In this passage from the "diverting and important scrutiny" in Don Quixote's library, Cervantes records, through the mouth of the curate, his contempt for the founder of the P almerin family of romances, and his veneration for the most famous of its members. And whatever may be thought nowadays of the relative merits of Palmerin of England and Homer's works, the genealogy of a book that could once be honourably mentioned by Cervantes in the same breath with the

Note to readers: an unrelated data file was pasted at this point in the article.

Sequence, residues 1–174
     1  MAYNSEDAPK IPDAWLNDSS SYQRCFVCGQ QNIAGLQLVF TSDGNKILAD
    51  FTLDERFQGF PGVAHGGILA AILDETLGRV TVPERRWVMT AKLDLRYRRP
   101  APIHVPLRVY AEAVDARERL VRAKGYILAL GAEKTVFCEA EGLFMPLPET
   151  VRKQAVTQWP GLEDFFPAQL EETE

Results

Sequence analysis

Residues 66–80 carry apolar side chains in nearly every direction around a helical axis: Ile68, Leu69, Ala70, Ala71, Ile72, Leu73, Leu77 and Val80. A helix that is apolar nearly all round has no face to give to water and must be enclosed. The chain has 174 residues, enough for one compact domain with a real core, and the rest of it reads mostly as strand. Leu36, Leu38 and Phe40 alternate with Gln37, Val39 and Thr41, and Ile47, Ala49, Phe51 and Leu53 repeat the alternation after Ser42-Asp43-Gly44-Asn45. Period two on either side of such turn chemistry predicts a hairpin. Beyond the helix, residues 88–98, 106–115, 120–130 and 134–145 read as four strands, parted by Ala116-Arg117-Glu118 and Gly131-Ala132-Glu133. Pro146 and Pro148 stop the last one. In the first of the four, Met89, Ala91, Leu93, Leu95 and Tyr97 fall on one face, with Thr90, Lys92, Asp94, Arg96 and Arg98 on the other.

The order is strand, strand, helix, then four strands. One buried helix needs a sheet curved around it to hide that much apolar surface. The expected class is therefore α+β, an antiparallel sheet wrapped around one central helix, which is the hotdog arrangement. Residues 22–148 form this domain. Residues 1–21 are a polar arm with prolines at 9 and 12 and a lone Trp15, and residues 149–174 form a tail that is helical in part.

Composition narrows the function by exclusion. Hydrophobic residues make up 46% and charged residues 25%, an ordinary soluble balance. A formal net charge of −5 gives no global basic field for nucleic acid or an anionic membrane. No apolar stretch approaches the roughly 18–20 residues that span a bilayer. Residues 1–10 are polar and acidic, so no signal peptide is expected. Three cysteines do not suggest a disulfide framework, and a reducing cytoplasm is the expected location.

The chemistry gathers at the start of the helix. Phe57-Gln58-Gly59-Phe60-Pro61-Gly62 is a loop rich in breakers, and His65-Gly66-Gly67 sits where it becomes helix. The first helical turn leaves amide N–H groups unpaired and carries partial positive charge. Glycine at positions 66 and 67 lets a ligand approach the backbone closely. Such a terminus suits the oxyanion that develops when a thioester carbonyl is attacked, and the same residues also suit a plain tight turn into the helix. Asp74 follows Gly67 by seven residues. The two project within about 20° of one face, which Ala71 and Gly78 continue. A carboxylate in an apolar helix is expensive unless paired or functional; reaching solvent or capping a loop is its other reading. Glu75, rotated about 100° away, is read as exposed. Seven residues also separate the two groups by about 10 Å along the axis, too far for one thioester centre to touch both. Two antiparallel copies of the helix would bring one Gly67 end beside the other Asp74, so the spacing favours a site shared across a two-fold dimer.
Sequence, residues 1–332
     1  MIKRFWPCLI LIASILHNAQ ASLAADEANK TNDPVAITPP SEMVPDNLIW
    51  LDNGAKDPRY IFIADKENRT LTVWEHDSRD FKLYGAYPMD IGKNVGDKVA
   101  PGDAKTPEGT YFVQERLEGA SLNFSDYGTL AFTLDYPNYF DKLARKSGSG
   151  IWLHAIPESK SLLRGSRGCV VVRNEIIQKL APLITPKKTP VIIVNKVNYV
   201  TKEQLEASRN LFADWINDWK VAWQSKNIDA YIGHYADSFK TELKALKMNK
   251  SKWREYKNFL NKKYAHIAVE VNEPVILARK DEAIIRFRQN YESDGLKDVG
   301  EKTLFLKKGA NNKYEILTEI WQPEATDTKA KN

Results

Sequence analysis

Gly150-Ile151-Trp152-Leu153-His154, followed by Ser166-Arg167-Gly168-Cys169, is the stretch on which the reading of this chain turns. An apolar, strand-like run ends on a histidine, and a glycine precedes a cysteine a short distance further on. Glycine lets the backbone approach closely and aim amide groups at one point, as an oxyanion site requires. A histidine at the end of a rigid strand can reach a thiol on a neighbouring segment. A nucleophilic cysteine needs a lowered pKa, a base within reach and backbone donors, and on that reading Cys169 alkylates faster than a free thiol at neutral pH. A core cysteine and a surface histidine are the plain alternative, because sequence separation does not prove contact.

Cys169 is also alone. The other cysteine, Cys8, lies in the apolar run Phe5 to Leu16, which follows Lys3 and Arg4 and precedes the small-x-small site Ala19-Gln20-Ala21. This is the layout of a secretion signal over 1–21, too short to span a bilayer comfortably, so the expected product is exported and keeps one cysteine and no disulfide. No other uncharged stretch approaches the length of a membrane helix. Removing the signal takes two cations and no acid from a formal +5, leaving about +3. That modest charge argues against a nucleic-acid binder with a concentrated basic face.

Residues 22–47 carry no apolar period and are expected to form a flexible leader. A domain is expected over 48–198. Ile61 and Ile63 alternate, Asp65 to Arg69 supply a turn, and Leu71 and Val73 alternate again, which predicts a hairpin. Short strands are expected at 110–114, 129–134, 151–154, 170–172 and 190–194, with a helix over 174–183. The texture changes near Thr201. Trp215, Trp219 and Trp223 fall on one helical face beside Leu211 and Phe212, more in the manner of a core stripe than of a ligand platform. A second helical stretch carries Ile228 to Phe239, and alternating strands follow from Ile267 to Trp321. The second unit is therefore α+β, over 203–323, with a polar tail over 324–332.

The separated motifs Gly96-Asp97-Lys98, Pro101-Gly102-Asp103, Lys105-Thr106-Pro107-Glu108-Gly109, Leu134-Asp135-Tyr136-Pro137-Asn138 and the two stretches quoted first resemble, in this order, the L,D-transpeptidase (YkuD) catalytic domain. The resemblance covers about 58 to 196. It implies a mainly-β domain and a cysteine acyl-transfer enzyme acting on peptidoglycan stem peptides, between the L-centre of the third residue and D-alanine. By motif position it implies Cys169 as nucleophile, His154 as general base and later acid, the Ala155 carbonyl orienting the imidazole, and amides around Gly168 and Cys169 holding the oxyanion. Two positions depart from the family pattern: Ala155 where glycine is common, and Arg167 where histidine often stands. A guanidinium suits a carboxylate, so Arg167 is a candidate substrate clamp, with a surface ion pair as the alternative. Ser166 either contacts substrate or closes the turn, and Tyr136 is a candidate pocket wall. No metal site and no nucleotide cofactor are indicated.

great epic poet of Greece should not be without interest even at the present time. Moreover, while the vogue of the romance of chivalry lasted, the Palmerin series was the one rival of the Amadis series, just as two of the eponymous heroes were rivals in the addled brain of Don Quixote, who "had many an argument with the curate of his village (a learned man, and a graduate of Siguenza) as to which had been the better knight, Palmerin of England or Amadis of GauP."